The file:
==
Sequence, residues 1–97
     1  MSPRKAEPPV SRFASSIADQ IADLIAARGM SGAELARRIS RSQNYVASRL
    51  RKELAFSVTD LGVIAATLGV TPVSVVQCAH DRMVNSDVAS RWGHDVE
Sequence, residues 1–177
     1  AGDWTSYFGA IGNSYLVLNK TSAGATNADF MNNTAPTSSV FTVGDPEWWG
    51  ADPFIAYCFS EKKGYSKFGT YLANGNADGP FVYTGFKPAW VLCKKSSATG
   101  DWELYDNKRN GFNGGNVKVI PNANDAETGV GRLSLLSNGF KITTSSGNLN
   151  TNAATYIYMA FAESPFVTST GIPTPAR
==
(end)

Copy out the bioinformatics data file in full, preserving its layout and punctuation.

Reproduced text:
Sequence, residues 1–97
     1  MSPRKAEPPV SRFASSIADQ IADLIAARGM SGAELARRIS RSQNYVASRL
    51  RKELAFSVTD LGVIAATLGV TPVSVVQCAH DRMVNSDVAS RWGHDVE
Sequence, residues 1–177
     1  AGDWTSYFGA IGNSYLVLNK TSAGATNADF MNNTAPTSSV FTVGDPEWWG
    51  ADPFIAYCFS EKKGYSKFGT YLANGNADGP FVYTGFKPAW VLCKKSSATG
   101  DWELYDNKRN GFNGGNVKVI PNANDAETGV GRLSLLSNGF KITTSSGNLN
   151  TNAATYIYMA FAESPFVTST GIPTPAR